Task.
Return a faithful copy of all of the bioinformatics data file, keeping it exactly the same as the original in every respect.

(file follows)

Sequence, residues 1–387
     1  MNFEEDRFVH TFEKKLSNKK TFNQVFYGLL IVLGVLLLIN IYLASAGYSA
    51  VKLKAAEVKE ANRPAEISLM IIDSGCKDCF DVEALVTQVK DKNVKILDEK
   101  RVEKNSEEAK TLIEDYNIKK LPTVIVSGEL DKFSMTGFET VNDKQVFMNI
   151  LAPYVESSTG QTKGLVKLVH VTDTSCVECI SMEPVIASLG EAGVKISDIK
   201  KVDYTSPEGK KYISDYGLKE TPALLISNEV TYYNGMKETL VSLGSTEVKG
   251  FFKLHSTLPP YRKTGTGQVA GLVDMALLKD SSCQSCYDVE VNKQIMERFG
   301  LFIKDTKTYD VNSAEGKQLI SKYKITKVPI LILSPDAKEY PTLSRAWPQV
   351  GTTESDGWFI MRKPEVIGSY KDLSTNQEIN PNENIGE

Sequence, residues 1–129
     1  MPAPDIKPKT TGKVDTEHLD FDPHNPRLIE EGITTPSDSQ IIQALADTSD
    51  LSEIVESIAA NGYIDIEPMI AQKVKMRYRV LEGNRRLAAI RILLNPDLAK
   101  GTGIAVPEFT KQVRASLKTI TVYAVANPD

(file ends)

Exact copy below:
Sequence, residues 1–387
     1  MNFEEDRFVH TFEKKLSNKK TFNQVFYGLL IVLGVLLLIN IYLASAGYSA
    51  VKLKAAEVKE ANRPAEISLM IIDSGCKDCF DVEALVTQVK DKNVKILDEK
   101  RVEKNSEEAK TLIEDYNIKK LPTVIVSGEL DKFSMTGFET VNDKQVFMNI
   151  LAPYVESSTG QTKGLVKLVH VTDTSCVECI SMEPVIASLG EAGVKISDIK
   201  KVDYTSPEGK KYISDYGLKE TPALLISNEV TYYNGMKETL VSLGSTEVKG
   251  FFKLHSTLPP YRKTGTGQVA GLVDMALLKD SSCQSCYDVE VNKQIMERFG
   301  LFIKDTKTYD VNSAEGKQLI SKYKITKVPI LILSPDAKEY PTLSRAWPQV
   351  GTTESDGWFI MRKPEVIGSY KDLSTNQEIN PNENIGE

Sequence, residues 1–129
     1  MPAPDIKPKT TGKVDTEHLD FDPHNPRLIE EGITTPSDSQ IIQALADTSD
    51  LSEIVESIAA NGYIDIEPMI AQKVKMRYRV LEGNRRLAAI RILLNPDLAK
   101  GTGIAVPEFT KQVRASLKTI TVYAVANPD